United States District Court, M.D. Pennsylvania
John E. Jones III, Judge.
Kevin Lee Beam (“Petitioner” or
“Beam”), a state inmate currently confined at the
State Correctional Institution at Albion, Pennsylvania, filed
his Petition (Doc. 1) for Writ of Habeas Corpus pursuant to
28 U.S.C. § 2254 and Memorandum (Doc. 2) in support of
the petition on April 26, 2016. He seeks relief from the
Judgment of Sentence of twenty years and nine months to
fifty-nine years' incarceration imposed in Court of
Common Pleas of Franklin County, Pennsylvania, criminal case
CP-28-CR-0000499-200, following convictions for rape,
criminal attempt to commit involuntary deviate sexual
intercourse, aggravated indecent assault, and endangering the
welfare of a child. (Doc. 1, p. 1).
Memorandum and Order dated May 9, 2018, the Court denied the
petition with respect to all claims except the claim that
Attorney Toms' “failure to properly and adequately
inform [him], a person with a low IQ and severely hindered by
his mental capacity, of the significant risks of withdrawing
the guilty plea and going to trial amounted to ineffective
assistance of counsel at a critical stage in the
proceedings...” (Doc. 17; Doc. 2, p. 32). As noted in
the Court's prior Memorandum, because the state court
failed to address the issue, despite the fact that Beam
fairly presented it during all phases of the collateral
proceedings (Doc. 15-1, pp. 96, 97; Doc. 15-2, pp. 9, 18, 19,
45-48, 62-107; Doc. 15-3, pp. 39-42; Doc. 15-4, pp. 4-14;
Doc. 15-5, pp. 19-21), de novo review is required.
(Doc. 17, pp. 40, 41). The Court ordered Respondents to file
a supplemental brief addressing the issue. (Id. at
42). Respondents filed a timely Supplemental Response. (Doc.
20). The Court also directed Respondents to expand the record
by providing all documents related to the entry and
withdrawal of the guilty plea, including transcripts of the
October 25, 2010 plea colloquy and the December 8, 2010
hearing on the withdrawal of the plea. (Doc. 17, p. 42).
According to Respondents, the transcripts are no longer
available; they were destroyed in accordance with the
Administrative Office of Pennsylvania Courts Record Retention
and Disposition Schedule. (Doc. 20-1, p. 3, ¶¶
3-7). Although the transcripts would have provided additional
insight into the state court proceedings, they are not
integral to the disposition of Beam's claim. The issue is
now ripe for disposition. De novo review has been
undertaken and, for the reasons set forth below, relief will
DE NOVO STANDARD OF REVIEW
the state court does not adjudicate a fairly presented claim
on the merits, deferential AEDPA standards of review under 28
U.S.C. § 2254(d) do not apply, and “the federal
habeas court must conduct a de novo review over pure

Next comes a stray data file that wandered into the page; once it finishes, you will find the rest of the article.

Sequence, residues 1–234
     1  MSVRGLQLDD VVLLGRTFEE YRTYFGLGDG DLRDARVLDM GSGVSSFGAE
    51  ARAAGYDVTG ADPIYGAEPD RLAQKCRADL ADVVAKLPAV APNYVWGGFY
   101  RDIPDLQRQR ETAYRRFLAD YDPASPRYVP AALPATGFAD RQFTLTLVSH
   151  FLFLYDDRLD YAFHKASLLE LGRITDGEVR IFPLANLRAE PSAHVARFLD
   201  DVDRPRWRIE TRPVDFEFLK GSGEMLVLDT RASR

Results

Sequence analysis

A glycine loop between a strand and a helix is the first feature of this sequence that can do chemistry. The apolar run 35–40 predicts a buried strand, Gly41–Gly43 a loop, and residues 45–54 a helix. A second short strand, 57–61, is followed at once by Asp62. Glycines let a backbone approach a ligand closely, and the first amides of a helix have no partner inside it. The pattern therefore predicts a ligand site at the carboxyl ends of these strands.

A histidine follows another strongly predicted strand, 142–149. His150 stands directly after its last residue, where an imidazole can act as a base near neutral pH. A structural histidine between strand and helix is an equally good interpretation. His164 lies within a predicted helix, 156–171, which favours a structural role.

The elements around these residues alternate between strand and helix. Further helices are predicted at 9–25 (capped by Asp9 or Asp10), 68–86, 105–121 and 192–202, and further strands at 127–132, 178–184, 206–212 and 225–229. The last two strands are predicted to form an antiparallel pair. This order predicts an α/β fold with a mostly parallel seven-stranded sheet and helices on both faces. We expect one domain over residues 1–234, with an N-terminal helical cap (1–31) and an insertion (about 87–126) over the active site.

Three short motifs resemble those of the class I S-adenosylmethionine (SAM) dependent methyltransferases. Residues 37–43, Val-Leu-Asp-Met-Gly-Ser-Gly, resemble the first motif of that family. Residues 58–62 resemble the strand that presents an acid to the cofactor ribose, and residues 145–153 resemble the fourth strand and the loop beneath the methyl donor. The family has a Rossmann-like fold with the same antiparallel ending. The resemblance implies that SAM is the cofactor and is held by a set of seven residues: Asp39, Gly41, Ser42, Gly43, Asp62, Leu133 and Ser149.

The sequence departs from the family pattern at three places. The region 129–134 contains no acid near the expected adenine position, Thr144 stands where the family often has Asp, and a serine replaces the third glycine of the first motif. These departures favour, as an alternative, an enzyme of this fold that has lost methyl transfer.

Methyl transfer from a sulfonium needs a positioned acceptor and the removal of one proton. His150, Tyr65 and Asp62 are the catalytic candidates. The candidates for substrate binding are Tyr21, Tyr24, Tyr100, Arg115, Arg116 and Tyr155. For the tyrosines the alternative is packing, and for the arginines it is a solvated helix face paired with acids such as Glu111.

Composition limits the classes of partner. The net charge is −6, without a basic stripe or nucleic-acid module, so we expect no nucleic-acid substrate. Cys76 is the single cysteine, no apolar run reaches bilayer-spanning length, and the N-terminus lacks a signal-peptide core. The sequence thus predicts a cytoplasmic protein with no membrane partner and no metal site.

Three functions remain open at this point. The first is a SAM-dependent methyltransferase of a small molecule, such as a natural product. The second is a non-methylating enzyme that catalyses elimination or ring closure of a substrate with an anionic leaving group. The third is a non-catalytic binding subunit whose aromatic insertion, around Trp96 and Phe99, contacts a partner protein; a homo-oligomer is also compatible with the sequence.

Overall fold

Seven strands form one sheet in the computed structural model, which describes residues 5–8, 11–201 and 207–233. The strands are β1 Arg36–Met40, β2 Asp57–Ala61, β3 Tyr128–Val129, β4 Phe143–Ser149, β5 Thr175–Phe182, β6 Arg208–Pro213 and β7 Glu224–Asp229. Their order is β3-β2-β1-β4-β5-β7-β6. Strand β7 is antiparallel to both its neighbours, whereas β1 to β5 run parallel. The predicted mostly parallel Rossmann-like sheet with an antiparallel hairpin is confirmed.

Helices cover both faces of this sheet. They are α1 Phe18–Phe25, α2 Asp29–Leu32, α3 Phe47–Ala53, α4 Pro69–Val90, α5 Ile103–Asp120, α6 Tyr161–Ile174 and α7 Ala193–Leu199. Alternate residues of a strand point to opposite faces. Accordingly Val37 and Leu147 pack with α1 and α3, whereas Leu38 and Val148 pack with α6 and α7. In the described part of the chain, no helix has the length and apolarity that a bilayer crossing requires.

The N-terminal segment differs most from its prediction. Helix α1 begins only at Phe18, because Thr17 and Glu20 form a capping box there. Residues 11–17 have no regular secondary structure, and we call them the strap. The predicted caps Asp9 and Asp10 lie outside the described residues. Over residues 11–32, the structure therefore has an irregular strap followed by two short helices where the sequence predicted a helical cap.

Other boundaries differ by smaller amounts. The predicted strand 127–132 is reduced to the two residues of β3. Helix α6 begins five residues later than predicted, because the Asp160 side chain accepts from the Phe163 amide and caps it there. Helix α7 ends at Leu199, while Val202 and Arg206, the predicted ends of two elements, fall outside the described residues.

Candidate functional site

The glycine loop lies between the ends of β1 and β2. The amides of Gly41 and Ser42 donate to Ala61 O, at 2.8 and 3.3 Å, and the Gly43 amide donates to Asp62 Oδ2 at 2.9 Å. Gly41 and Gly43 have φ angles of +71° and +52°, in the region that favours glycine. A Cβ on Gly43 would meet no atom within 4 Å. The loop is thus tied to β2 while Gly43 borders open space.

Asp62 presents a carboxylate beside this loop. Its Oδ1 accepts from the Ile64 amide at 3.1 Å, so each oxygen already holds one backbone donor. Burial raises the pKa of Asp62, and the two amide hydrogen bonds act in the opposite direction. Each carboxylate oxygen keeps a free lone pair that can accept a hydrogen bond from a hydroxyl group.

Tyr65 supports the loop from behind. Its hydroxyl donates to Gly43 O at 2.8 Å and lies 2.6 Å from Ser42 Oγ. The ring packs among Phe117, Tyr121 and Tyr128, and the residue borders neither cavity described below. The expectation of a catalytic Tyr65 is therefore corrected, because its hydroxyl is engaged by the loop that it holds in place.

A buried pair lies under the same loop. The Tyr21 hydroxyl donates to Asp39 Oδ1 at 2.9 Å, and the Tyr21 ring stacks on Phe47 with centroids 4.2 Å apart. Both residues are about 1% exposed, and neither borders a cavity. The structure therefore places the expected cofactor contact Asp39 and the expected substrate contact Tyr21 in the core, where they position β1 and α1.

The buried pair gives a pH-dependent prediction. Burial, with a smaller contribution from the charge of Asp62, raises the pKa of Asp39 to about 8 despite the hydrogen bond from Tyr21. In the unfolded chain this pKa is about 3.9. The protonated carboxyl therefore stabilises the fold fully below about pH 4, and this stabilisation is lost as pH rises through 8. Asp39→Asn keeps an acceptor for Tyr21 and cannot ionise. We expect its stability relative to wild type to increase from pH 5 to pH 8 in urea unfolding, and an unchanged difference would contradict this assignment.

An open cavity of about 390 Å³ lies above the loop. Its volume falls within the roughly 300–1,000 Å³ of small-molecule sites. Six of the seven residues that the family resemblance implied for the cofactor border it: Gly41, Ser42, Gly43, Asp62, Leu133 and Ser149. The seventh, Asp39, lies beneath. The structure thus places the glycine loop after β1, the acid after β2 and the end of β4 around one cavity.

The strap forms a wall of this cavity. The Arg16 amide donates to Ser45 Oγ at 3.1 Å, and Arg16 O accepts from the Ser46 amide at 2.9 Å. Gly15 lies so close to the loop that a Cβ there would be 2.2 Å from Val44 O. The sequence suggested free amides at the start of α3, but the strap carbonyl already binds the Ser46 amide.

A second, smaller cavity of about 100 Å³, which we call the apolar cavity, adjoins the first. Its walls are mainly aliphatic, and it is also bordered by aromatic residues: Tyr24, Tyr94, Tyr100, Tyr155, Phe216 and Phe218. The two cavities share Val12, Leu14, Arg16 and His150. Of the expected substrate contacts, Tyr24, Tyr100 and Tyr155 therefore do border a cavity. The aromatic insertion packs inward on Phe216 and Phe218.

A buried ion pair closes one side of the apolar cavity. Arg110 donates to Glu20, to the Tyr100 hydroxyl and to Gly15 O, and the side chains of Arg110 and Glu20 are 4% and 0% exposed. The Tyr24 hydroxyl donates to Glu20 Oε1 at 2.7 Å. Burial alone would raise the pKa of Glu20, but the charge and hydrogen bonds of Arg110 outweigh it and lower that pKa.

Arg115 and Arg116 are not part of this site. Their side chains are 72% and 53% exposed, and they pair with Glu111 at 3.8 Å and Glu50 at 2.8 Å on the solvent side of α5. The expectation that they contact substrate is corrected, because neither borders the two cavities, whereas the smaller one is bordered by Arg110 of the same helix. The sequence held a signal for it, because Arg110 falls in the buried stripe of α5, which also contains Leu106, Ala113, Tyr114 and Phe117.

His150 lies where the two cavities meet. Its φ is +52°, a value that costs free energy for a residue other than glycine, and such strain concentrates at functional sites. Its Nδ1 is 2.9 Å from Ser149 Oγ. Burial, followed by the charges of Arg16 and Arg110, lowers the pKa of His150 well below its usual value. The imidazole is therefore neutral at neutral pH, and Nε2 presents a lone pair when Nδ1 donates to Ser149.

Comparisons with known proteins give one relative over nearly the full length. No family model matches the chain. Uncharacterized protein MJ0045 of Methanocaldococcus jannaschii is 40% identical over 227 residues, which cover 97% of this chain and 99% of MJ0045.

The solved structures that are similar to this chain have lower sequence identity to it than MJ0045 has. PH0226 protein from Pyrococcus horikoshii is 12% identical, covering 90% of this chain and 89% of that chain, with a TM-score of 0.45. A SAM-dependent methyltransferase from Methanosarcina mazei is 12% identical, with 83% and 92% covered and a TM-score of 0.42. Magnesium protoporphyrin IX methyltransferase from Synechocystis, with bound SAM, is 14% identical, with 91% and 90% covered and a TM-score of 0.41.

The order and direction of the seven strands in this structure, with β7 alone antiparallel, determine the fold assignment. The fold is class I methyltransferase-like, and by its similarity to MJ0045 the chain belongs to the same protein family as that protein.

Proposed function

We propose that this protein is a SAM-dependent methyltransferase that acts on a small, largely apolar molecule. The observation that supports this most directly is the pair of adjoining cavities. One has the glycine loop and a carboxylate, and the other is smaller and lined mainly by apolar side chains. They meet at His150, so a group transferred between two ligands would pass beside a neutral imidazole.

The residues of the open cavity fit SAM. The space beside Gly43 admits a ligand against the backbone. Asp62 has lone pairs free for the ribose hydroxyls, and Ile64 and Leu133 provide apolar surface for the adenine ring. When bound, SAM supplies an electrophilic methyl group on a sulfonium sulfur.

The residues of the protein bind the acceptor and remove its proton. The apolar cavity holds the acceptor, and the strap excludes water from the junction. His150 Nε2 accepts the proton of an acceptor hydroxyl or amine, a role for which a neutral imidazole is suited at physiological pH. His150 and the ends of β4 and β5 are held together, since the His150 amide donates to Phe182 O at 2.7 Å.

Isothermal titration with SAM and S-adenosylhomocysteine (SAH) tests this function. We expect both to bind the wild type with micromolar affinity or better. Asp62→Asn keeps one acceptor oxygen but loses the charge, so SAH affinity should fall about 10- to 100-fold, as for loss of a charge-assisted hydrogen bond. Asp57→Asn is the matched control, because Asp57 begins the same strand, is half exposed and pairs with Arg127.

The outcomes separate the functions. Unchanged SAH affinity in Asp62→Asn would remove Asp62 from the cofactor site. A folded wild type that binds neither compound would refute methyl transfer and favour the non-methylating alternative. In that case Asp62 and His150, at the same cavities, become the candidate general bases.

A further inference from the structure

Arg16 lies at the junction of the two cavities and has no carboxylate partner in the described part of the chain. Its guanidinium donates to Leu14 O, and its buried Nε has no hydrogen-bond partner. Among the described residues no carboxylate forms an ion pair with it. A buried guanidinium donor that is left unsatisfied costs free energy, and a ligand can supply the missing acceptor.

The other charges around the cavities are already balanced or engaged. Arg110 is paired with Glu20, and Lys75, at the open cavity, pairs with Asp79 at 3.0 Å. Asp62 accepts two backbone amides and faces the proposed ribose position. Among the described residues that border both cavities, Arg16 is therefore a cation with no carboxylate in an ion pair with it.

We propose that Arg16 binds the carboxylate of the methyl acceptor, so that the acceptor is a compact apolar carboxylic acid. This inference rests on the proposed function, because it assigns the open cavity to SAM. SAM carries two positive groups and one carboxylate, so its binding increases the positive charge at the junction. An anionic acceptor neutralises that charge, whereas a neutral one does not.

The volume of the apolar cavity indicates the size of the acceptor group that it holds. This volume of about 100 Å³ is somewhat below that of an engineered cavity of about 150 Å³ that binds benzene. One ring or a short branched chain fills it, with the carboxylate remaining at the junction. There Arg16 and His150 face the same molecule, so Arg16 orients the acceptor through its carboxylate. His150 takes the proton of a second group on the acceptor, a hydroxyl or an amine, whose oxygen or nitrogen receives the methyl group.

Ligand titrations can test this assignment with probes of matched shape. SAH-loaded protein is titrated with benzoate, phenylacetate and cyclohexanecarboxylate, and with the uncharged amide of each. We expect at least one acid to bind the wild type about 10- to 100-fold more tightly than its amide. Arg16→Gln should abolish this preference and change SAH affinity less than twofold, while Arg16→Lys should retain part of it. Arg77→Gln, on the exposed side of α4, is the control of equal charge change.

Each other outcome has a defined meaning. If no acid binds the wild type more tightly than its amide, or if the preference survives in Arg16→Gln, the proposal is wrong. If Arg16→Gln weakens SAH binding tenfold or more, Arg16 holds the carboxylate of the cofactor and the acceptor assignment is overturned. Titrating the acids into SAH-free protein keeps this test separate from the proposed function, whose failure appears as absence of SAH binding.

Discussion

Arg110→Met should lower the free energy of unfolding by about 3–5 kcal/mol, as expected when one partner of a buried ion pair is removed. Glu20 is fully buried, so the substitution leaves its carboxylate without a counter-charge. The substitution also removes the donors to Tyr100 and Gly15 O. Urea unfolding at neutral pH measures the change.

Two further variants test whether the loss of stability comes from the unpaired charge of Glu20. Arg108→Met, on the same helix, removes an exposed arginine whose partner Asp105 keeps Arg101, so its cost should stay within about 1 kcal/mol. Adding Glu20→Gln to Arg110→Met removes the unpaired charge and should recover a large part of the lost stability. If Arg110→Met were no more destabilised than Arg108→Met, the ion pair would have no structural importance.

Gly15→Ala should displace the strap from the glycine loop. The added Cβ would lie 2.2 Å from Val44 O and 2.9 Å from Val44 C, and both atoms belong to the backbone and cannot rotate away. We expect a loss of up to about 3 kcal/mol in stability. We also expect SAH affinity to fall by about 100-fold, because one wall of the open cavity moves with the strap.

legal questions and mixed questions of law and fact.”
Appel v. Horn, 250 F.3d 203, 210 (3d Cir. 2001);
see also Bronshtein v. Horn, 404 F.3d 700, 709 n. 4
(3d Cir. 2005). Additionally, regardless of whether a state
court reaches the merits of a claim, a “federal habeas
court must afford a state court's factual findings a
presumption of correctness and . . . the presumption applies
to factual determinations of state trial and appellate
courts.” Fahy v. Horn, 516 F.3d 169, 181 (3d
RELEVANT STATE COURT BACKGROUND
March 18, 2009, Beam was charged with six counts of rape,
sexual assault, criminal attempt to commit involuntary
deviate sexual intercourse, three counts of aggravated
indecent assault, two counts of indecent assault, endangering
the welfare of a child and three counts of statutory sexual
assault. (Doc. 15-2, p. 66). On June 16, 2009, Beam sought a
psychiatric evaluation to determine competency.
(Id.) The trial court granted his motion and
appointed mental health counsel. (Id.) On December
7, 2009, following review of the psychiatric report, the
trial court deemed Beam incompetent and ordered him committed
to Torrance State Hospital for evaluation pursuant to the
Mental Health Procedures Act, 50 P.S. §§ 7402-03,
with a directive to resume criminal proceedings when
competence was restored. (Id.) On February 4, 2010,
the trial court extended Beam's commitment for an
additional sixty thirty days based on the opinion of Dr.
Daleep Rathore (“Dr. Rathore”), who opined that
further treatment was necessary. (Id.) “Dr.
Rathore noted that Beam's diagnosis at that time was
depression, not otherwise specified, and history of alcohol
March 30, 2010, the Torrance State Hospital Regional Forensic
Psychiatric Center issued a “Forensic Summary, ”
authored by Dr. Rathore, indicating, inter alia,
that Dr. Adamsky completed a psychological assessment on
February 4, 2010, and that Beam's competency had been
restored. (Doc. 20-1, pp. 7-13). The relevant portions of the
summary are as follows:
Mr. Kevin Beam is a 37-year-old, date of birth January 9,